Bill Clinton and Tony Blair could learn a thing or two about the Balkan crisis from this excellent series of historical atlases, writes Michael Duffy
History has ended," said the historian Francis Fukuyama, and there are echoes of that naivety in the engaging belief of Tony Blair that whatever is not "modern" can safely be dispensed with. Nightly, our television screens show evidence that it can't, but, in the barrage of painful detail, we lose the overview, the perspectives, the sense of the global pressures of historical change. For that, we need a good general historical atlas, and few can be better than this splendid set from Cassell.
Look up "Kosovo", for instance - and here it is, the victory of the Ottoman Turks in 1389, so deeply engraved on Serbian national consciousness that it has been held ever since to justify the "ethnic cleansing" of Muslims, "with murderous consequences for Muslims and Kosovans during the break-up of Yugoslavia in the 1990s". And here, on later maps, are the origins of Yugoslavia - and the forces that caused its disintegration and that explain Western ambivalence towards it.
True, these pages span three volumes of this six-volume series, so explanation and overview, at pound;14.99 a volume, do not come cheaply. In terms of their accuracy, though, their global coverage and their superb design, these atlases are excellent value.
Their objective, after all, is to chart the main episodes and developments of human existence since the emergence of Australopithecus four million years ago. With the support of an internationally eminent editorial and advisory board, excellently clear cartography and a crisp text, they come remarkably close to achieving it.
In each volume there are 29 full-page spreads containing full colour maps, a short explanatory commentary, time-lines subdivided as appropriate by period, region or topic, and a section of keys and annotation. Where there is room (an important consideration), there are well-chosen pictures of artefacts or places. After the map section there is a 30-page mini-encyclopedia glossing topics or issues referred to (see "Kosovo", for example), a list of sources consulted, and a full index to that volume.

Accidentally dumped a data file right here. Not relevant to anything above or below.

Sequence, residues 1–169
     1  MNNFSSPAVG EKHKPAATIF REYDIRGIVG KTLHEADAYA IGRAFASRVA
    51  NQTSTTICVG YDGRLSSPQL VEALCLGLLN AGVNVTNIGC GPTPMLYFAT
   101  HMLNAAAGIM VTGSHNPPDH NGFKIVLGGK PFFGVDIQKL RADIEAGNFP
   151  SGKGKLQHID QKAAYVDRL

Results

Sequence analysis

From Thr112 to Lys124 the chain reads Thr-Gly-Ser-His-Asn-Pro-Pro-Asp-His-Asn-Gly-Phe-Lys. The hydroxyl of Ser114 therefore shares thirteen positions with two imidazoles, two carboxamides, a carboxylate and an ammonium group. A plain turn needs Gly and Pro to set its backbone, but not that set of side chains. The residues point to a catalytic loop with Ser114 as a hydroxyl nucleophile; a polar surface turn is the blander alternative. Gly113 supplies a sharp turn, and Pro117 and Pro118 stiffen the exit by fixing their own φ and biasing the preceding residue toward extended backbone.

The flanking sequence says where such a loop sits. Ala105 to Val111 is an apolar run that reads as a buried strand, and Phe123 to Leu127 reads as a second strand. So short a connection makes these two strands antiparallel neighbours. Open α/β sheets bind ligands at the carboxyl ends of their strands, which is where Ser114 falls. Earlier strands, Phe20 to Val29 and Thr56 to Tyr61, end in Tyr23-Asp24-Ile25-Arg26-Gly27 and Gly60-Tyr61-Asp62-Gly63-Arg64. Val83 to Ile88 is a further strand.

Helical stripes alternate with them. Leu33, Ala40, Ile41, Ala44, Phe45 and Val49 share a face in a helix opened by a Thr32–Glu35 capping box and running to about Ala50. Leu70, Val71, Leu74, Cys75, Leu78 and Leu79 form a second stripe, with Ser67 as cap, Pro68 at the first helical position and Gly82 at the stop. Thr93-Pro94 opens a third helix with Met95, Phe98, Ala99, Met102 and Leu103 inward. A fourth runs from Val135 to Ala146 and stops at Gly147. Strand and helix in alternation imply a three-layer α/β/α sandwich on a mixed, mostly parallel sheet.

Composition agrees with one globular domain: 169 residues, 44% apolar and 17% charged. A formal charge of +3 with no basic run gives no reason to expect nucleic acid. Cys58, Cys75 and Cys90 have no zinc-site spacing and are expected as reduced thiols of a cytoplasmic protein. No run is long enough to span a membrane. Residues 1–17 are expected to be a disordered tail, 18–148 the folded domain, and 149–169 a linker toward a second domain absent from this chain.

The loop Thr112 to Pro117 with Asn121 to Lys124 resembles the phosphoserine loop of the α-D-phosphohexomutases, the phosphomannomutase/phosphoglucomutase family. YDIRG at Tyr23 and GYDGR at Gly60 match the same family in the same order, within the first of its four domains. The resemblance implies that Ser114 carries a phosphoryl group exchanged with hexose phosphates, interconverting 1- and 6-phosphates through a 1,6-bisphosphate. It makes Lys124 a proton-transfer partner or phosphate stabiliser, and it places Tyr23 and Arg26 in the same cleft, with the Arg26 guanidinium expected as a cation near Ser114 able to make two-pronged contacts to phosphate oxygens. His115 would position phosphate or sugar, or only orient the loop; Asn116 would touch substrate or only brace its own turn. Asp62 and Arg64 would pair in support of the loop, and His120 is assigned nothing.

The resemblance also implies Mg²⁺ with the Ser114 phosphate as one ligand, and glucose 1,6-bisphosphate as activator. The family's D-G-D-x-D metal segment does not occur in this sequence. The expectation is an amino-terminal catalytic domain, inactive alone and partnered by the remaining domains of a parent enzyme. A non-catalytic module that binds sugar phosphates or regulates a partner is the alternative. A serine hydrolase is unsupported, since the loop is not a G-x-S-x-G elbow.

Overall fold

All the volumes are attractive to handle and use - the earliest (dealing with the ancient and the classical worlds) particularly so, because it is in these that the compilers most easily convey, even to a non-academic readership, both the broad sweep of interpretation and debate and the accumulation of research data over ever-widening areas of knowledge. The pages dealing with the spread of writing, or the early complex societies of South America, or the Austronesian migrations in the Pacific and South-East Asia are all excellent examples.
The later volumes are irresistible as well. In each of them, a section of world maps broadly charts the great themes of history as the centuries pass - migration, discovery, conquest, trade. Then, a series of regional or topical maps supply the detail. Among them, there is, at last, comprehensive coverage of areas that previous atlases have neglected, so that Central and South America, Africa, Australasia, China and Japan all get scholarly attention. It's difficult to find fault. Those traditional bugbears of A-level European history, for instance - the Reformation, the Thirty Years War, the rise of nationalism in Europe - are clearly and accurately mapped and described. So, as we have seen, are the compelling legacies of the Balkans.
In many ways, it is the final volume, covering the world between 1914 and the present day, that is the most impressive. It must certainly have been the most difficult to compile, and at times (in the maps that describe the war in Europe and the Pacific between 1942 and 1945, for instance) the sheer weight of detail is oppressive. The overall quality, though, is stunning, and the post-1945 spreads on the Middle East, India and South-East Asia, to take only three examples, combine information with elucidation in a conspicuously clear and balanced way.
My only criticism is that it would have been helpful, given the quality of the thumbnail entries in the encyclopedic sections, to have provided cross-references to these entries on the text and maps pages. A simple asterisk (one of the few conventional symbols not used on these pages) would have served. But that is a quibble. These atlases are invaluable, and they are always a pleasure to use. They should certainly be in the secondary school library. Students of all ages, I guess, will want to use them - including, quite possibly, Mr Clinton and Mr Blair.